Rutz v. Novartis Pharmaceuticals Corporation
ORDER. For the reasons explained in the attached order, Defendant's Motions in Limine at Doc. 153 , Doc. 163 , and Doc. 164 are DENIED as untimely. Defendant's Motion for Leave to File Under Seal (Doc. 152 ) is DENIED, and the Court DIRECTS the Clerk to DELETE Defendant's prematurely-sealed documents (Docs. 149--51) from the record. Signed by Judge Michael J. Reagan on 4/8/2013. (jls)
IN THE UNITED STATES DISTRICT COURT
FOR THE SOUTHERN DISTRICT OF ILLINOIS
Case No. 12–cv–0026–MJR–PMF
REAGAN, District Judge:
In January 2012, this pharmaceuticals liability case was remanded to this district from
an MDL docket in the Middle District of Tennessee. On November 9, 2012, the undersigned judge
held a hearing on four motions challenging the admissibility of certain evidence under Federal Rule
of Evidence 702 and Daubert v. Merrell Dow Pharm., 509 U.S. 579 (1993). Those motions were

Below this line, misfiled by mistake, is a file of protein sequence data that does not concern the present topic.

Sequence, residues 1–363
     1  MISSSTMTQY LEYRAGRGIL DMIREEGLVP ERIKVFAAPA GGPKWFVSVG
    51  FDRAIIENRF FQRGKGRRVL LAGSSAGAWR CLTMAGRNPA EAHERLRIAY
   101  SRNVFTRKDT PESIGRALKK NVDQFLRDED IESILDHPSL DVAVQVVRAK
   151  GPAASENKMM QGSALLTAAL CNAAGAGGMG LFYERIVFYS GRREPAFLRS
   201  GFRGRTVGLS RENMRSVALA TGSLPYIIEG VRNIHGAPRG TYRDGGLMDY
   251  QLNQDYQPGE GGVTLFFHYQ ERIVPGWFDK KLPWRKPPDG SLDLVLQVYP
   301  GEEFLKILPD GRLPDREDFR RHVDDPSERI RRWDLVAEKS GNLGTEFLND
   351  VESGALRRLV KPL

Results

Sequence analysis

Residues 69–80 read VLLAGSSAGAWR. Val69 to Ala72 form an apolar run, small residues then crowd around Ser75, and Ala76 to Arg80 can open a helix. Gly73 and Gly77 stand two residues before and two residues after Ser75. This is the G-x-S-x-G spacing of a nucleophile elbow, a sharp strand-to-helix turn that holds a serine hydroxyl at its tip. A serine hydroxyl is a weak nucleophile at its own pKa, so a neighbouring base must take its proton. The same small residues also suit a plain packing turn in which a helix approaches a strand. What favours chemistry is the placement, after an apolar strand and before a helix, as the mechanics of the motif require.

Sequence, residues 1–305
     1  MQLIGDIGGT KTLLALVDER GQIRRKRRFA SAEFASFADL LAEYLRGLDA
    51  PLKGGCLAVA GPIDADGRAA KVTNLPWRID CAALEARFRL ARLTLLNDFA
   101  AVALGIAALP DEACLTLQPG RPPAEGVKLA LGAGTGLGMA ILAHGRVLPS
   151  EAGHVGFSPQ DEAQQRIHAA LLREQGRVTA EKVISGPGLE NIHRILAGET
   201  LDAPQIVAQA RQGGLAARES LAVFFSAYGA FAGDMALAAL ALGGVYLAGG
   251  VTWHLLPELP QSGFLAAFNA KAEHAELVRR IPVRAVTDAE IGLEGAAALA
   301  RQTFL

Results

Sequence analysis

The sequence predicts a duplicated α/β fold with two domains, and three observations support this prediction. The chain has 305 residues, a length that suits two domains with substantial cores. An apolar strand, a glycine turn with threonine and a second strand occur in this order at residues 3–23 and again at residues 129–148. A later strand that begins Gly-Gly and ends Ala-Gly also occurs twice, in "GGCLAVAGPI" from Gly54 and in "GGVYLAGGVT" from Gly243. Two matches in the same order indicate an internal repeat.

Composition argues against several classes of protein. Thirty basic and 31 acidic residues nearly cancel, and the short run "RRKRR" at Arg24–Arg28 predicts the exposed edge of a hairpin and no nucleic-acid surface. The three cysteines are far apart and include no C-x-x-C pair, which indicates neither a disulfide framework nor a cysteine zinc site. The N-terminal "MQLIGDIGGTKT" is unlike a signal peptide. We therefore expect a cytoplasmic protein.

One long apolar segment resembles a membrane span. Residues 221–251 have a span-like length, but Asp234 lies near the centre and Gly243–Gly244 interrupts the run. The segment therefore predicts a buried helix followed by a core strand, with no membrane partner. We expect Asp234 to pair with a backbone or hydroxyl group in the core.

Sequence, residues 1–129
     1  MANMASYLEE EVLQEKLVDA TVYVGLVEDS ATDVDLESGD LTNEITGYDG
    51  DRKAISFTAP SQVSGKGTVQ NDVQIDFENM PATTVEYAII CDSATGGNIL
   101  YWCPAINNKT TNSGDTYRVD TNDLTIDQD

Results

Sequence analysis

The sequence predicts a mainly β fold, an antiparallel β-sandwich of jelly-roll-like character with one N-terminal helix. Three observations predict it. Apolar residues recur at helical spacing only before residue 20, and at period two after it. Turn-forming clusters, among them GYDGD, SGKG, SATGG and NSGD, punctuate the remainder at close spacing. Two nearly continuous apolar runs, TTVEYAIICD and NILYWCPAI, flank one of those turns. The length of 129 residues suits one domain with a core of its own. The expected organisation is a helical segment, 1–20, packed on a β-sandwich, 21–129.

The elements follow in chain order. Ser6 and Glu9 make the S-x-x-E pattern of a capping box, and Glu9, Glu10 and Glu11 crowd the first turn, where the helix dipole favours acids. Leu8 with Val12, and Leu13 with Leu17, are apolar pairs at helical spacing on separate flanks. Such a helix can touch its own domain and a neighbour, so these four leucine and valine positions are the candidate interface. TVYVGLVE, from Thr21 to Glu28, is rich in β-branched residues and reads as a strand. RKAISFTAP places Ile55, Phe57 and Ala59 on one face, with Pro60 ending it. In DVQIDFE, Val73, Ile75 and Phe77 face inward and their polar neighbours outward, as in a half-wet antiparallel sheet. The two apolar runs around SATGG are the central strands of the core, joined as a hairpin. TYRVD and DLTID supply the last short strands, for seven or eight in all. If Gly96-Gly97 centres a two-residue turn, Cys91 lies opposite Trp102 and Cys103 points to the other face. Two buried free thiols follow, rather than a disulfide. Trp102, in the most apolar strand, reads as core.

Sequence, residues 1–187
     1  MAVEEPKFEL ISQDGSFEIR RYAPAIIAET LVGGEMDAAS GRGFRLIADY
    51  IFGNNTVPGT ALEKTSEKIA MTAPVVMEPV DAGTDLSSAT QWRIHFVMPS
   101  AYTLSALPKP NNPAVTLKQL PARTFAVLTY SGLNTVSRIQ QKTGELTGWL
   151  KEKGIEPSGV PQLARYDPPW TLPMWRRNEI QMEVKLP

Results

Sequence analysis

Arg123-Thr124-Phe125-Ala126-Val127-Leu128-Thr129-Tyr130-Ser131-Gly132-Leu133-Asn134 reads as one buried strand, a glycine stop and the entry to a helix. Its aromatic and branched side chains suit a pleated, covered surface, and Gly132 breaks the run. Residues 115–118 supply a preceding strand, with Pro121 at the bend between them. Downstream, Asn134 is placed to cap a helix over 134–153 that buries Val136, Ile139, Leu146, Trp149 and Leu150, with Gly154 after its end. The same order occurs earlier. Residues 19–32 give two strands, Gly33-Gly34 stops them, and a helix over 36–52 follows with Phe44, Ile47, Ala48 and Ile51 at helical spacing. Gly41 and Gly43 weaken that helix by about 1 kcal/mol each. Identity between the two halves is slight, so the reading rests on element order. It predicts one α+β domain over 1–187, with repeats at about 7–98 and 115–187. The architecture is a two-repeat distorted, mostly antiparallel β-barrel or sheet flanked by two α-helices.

resolved by an order dated December 7, 2012.
Now Defendant has filed eleven motions in limine (Docs. 153–57, 159–64), plus a
motion to seal certain documents offered in support of its motion at Docket No. 154. The Court
will turn first to the motions in limine, then to the issue of whether the three documents identified
by Defendant should be sealed.
1. Motions in Limine requiring Daubert analysis: Denied as Untimely
Defendant’s motions at Docket Nos. 153, 163, and 164 each implicate Federal Rule
of Evidence 702 and Daubert. As the Court’s case management procedures clearly provide, all
Daubert “motions (seeking to exclude expert testimony / evidence) must be filed by the dispositive